They say it's God, family, and the Green Bay Packers. But not always necessarily in that order. And a local play production called "Dad's Season Tickets" is putting that theory to the test.
In Wisconsin, the Packers are considered art.
"Packers season tickets, they are such a tradition," Dad's Season Tickets Creator/Author Matt Zembrowski says. "It really is more than just tickets to a sporting event. People have been doing this for decades and decades."
Matt Zembrowski started writing Dad's Season Tickets in 2016. Five years later? It's a hit play at the Milwaukee Rep's Stackner Cabaret.
"But it wasn't until we first started doing read-throughs for the public that people started coming up to me and saying, 'hey, this is my family! You told my family story.' There's a song in the show called, 'When the Packers play, you put your troubles away,'" Zembrowski says. "And it's really the only time that this family gets along. And people see that and go, 'I do not talk to my brother. Or I don't talk to my aunt. Or whoever, six days of the week. But we will call each other on Packers game day, and we'll talk about the game.'"
The play is set 25 years ago, during the Super Bowl-winning season of 1996.
"It's in this weird spot where it's nostalgic, but it is just immediate enough that most of the guys on that team are still around. And some of them still look like they could still play," Zembrowski says.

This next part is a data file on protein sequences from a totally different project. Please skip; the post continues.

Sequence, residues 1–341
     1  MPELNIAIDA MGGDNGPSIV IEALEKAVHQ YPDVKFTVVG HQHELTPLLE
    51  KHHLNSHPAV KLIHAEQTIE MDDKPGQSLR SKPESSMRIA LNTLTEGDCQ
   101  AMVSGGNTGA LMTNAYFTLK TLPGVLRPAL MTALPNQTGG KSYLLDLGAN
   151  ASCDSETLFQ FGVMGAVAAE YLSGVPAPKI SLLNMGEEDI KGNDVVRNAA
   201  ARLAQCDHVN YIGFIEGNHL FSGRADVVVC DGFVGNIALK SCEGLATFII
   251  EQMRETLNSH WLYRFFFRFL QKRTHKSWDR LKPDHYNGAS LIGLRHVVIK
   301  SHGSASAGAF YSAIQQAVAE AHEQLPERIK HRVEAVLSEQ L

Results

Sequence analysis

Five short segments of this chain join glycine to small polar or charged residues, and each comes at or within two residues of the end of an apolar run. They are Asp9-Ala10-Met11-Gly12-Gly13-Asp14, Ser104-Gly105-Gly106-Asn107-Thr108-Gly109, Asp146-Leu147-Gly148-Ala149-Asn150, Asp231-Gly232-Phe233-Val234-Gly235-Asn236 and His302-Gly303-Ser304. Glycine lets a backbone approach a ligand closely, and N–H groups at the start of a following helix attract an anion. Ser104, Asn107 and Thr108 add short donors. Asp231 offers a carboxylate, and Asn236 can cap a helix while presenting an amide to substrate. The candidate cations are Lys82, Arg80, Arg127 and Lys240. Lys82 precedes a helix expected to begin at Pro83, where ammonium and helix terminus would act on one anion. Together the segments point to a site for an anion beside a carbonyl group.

The show has a little something for everyone.
"We can all forget those terrible teams," the cast sings.
"Every time you reference someone like Dan Devine, it gets a laugh, because everybody knows Dan Devine and has an opinion about him," Zembrowski says. "Or Lindy Infante. He's mentioned in the show twice. And everyone goes, 'haha, I remember Lindy Infante!' It's just, it's the things that are universal to Packers fans and people from Wisconsin that even if you don't follow the team? They're at least somewhere in your subconscious."
"Life is too short to like close yourself off to anything that could bring you enjoyment," Zembrowski says. "So I wrote it for people who may not voluntarily go to the theater, because there's enough football in there that they're going to get. And I made it just so that you can come to this show together coming from either world. Sports or theater, and find something that you're going to enjoy in it."
The play runs in downtown Milwaukee through January 2nd. Tuesday through Sunday. With double showings, on weekends.